May 2012 Newsletter
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May's News from Bookbag Towers
Are you reading ebooks yet? Or are you still in love with physical books? Either way, it's undeniable that ebooks are becoming more and more popular and their prevalence raises all sorts of questions about the future of publishing generally and about the best ways to market individual books. The Authors Electric group of writers has been giving this some serious thought. Recently, and to coincide with World Book Night, they organised a two-night giveaway. 15 member authors gave away 21 books via the Amazon Select promotion scheme. In all, they gave away 15,353 ebooks. And it paid off. 19 of the titles made Amazon's worldwide top 20 lists. In the UK, 8 made the top 5 and 12 made the top ten. That is some going, don't you think?!
And it's worth thinking about. In a world of ebooks, many authors are already aware that social networking is vital. Perhaps they'd also be advised to consider their own marketing - collaboratively with other authors like Authors Electric, or by themselves? It's an exciting future and we at Bookbag are fascinated to see what emerges after the dust has settled!
We also want to say a big happy 25th birthday to all the lovely people at Honno Welsh Women's Press. Honno was formed in 1986 when a group of four friends got round a kitchen table in Cardiff and determined to give Welsh women writers a voice. We've thoroughly enjoyed many of their books here at Bookbag Towers, including Not Funny Not Clever by Jo Verity, Cold Enough To Freeze Cows by Lorraine Jenkin, Cut on the Bias by Stephanie Tillotson and Flint by Margaret Redfern. Our most recent review of a Honno book is All Shall be Well, published to celebrate their 25th birthday. Check it out! Congratulations, Honno, you're doing a great job. And thanks for all the books!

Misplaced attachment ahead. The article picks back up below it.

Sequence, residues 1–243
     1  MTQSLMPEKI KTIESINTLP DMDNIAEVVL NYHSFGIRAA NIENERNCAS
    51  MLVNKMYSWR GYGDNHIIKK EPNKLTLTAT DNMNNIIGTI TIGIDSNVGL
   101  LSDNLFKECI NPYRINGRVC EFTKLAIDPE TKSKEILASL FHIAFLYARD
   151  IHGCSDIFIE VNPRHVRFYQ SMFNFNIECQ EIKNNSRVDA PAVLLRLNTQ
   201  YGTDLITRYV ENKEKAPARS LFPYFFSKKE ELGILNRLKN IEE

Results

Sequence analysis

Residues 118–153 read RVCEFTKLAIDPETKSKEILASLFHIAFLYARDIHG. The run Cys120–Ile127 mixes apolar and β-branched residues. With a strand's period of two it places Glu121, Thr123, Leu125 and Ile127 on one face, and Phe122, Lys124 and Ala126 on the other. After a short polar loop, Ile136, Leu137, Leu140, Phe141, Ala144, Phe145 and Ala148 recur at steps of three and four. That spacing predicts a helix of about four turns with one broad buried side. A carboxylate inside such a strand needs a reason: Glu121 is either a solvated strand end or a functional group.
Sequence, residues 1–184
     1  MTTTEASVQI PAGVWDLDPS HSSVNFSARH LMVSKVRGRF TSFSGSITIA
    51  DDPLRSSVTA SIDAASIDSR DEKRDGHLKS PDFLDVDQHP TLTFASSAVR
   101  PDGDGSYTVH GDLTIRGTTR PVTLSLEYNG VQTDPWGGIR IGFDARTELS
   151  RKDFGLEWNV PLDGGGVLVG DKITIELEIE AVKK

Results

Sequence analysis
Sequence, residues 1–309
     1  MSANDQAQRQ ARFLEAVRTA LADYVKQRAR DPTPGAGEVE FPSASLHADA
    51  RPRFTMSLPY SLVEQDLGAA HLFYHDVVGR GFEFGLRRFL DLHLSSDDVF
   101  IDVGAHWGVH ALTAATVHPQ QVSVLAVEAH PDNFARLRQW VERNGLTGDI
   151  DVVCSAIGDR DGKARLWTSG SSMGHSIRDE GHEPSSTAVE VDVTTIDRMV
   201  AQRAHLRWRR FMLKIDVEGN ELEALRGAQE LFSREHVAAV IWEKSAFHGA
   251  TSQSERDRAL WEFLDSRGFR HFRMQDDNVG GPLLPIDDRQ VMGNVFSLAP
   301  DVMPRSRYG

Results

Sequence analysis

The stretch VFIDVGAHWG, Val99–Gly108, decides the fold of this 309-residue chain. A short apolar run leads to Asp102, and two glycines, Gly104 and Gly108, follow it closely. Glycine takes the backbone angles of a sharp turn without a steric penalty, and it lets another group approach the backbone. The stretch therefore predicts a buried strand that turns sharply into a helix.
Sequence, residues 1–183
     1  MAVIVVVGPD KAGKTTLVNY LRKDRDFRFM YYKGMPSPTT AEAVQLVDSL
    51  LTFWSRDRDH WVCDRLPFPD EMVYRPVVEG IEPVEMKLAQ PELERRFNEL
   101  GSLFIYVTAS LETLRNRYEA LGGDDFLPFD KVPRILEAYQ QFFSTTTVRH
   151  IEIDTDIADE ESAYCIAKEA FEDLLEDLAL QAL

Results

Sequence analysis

We're going back to 1996 for the first publication of our Golden Hour book this month. Mukiwa: A White Boy in Africa by Peter Godwin is possibly the best memoir you'll ever read. You get three books for the price of one in this impeccable and non-judgemental book about life in Rhodesia and then Zimbabwe - an evocative childhood memoir, a personal story of war and the difficult job of trying to report it. It's simply outstanding.
Books of the Month
And on to to the new... . In fiction, John suggests the ambiguous HHhH by Laurent Binet. A history book, coloured as a novel, or a brilliant biography? You decide. What's beyond question is how compelling this story and the author's approach can be. Whatever it precisely is, it's quite splendid.
In non-fiction, John has chosen a welcome paperback edition of This is Not the End of the Book; by Umberto Eco and Jean-Claude Carriere. Burnt books, bought, loved and never-read books, priceless and ridiculously incorrect books, the Internet and how it cannot surpass books; all and more are discussed here by two brilliantly erudite companions. Never before has so much been stuffed behind one semi-colon.